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Why do Cub Scout knives lock open at 90 degrees?

Discussion in 'Non-Firearm Weapons' started by Smith, Apr 4, 2009.

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  1. Smith

    Smith Member

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    I was handling my Cub Scout knife from back in the day and noticed that when opening the knife, the blade locks in the 90 degree position before locking in the fully opened position. Does anyone know if there is a reason for this? Also, with Camillus gone, who makes Cub Scout/Boy Scout knives now?

    Thanks,

    Smith
     
  2. sixgunner455

    sixgunner455 Member

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    Does it "lock" open there, or just "stop"? If it just stops, as I suspect, then it is a design feature called a 'half-stop', which you can tell pretty easily. When the blade is closed, a blade with a 'half-stop' is square (90 degrees) on the end of the knife, instead of rounded.

    As far as who is making Scout knives today -- Victorinox makes some, and Bear MGC makes some. There may be other licensees, but those are the ones I have seen. The Victorinox are the better ones.
     
  3. Smith

    Smith Member

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    The blade doesn't have any true locking system. It just snaps into position at 90 degrees, forming a square. By applying more pressure, the blade can then be pushed further until it "locks" (well, it doesn't really "lock", but it snaps into position) fully opened at 180 degrees.

    It it very similar to this one:
    ulsterbsa4bladescout2.jpg
    (Although on the model I have, that little bar thing isn't protruding from the back of the knife (bottom of the picture) when the knife is at 90 or 180 degrees.)
     
  4. jparham

    jparham Member

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    Yeah, that's a half-stop. I don't know who makes official Boy Scout knives, but there are plenty of patterns out there- the Wenger SI comes to mind, as well as the Rough Rider and Keen Kutter scout knives.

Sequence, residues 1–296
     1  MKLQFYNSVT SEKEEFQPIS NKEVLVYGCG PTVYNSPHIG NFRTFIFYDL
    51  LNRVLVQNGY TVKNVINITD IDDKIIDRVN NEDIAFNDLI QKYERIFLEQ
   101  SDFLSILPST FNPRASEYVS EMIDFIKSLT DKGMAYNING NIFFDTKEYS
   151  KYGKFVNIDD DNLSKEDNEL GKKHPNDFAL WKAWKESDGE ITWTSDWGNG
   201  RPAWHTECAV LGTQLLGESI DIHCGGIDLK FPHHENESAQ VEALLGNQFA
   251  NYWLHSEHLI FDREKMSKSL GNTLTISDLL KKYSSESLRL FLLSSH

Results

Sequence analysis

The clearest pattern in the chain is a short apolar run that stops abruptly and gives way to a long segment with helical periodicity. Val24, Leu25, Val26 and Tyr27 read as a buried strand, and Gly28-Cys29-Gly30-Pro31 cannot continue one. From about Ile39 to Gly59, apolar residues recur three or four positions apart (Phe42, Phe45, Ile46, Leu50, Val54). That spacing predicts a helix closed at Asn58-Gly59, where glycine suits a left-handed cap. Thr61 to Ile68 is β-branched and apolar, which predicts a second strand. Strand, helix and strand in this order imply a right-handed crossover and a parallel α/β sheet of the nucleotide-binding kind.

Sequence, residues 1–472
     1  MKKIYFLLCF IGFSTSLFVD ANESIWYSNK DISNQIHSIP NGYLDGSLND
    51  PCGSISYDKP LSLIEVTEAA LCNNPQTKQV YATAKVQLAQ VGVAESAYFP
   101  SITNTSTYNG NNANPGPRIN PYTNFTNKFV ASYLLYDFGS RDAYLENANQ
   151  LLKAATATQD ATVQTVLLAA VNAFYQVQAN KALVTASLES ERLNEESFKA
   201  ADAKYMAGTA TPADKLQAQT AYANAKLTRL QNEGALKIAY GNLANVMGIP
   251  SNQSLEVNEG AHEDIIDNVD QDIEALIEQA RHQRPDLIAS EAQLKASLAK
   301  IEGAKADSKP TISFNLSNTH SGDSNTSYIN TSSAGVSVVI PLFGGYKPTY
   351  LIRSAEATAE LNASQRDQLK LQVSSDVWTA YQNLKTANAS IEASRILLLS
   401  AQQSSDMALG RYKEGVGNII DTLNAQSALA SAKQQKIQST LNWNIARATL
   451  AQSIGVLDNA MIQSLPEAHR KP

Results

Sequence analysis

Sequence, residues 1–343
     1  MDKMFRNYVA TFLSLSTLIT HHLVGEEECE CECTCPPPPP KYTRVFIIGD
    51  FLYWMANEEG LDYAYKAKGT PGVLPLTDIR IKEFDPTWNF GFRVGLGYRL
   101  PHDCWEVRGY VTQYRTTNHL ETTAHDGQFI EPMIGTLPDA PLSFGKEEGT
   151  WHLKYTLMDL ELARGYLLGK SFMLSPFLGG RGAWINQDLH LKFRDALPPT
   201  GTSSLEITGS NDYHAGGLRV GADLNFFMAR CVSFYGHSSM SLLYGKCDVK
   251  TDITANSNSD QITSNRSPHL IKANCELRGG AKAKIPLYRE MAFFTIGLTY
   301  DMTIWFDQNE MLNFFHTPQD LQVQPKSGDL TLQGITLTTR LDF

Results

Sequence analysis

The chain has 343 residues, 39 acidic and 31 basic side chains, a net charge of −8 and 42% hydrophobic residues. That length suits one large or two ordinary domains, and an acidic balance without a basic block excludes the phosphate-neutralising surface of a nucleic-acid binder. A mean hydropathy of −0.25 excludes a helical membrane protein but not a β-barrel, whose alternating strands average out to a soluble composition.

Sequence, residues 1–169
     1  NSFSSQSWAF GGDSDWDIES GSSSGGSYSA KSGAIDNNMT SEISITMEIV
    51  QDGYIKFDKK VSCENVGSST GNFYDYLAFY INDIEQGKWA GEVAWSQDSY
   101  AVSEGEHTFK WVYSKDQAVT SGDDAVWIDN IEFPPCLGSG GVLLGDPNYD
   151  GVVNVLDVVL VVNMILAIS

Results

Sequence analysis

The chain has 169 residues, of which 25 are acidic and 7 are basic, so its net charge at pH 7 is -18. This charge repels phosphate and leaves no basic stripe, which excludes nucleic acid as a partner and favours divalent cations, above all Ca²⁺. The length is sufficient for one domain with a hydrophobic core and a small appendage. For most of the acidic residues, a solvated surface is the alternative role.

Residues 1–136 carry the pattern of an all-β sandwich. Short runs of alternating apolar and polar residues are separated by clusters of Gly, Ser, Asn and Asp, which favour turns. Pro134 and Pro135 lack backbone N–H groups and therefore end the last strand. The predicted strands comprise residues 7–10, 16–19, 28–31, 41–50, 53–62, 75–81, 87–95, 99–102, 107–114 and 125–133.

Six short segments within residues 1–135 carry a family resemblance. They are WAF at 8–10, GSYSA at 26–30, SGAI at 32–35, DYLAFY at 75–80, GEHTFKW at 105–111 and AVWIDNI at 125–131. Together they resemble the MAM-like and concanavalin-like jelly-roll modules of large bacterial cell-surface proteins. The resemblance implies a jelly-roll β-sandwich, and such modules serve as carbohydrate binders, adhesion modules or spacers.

5. Upriver

    Upriver Member

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    To help them learn to keep their fingers out of the way when closing them.

    Case, AG Russell, and several other folks seem to be making "Scout" patterns as well, although I don't know if the half-stop is inherent in the pattern, or just with specific makers. Maybe someone else can clarify.

    Regards,

    U
     
  6. Todd A

    Todd A Member

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    No it is not. I have Imperial,Camillus,Colonial,Ulster etc.. Scout/Utilities without half stops.

    The Ulster BSA pictured in this thread also does not have a half stop.If it did the spring would be flush with the blade in that position.


    I believe the reason is because the Cub Scouts wanted a half-stop.

    The blade has a flat ground at the base which allows the blade to match flush with the spring at 90 degrees. If a knife doesn't have a half-stop the blade base is rounded to roll over the spring.

    100_0675.gif

    Left is a Camillus TL-29 with half-stop, Right is a Camillus scout/utility without half-stop.
     
  7. The Wiry Irishman

    The Wiry Irishman Member

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    I had one of those Cub Scout knives way back when. I was young enough that it was still difficult for me to open them. I always assumed it stopped halfway to decreased the chance of them snapping back shut while opening, and to make closing them a little safer as well.
     
  8. rcmodel

    rcmodel Member in memoriam

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  9. Smith

    Smith Member

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    Ahhh, that makes sense. I can recall nearly closing that knife on my fingers when I first got it even with the half stop! Thanks for clearing that up for me.
     
  10. Duke of Doubt

    Duke of Doubt member

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    My original Cub Scout knife (circa 1977) has actual brass lock tabs that had to be pressed in order to unlock the blades. It also has the half-cock notch.

    We all went through a couple of cheap black Boy Scout utility knives playing "stretch" until we (at least I) got the nicer white-handled one upon making the Big E.
     
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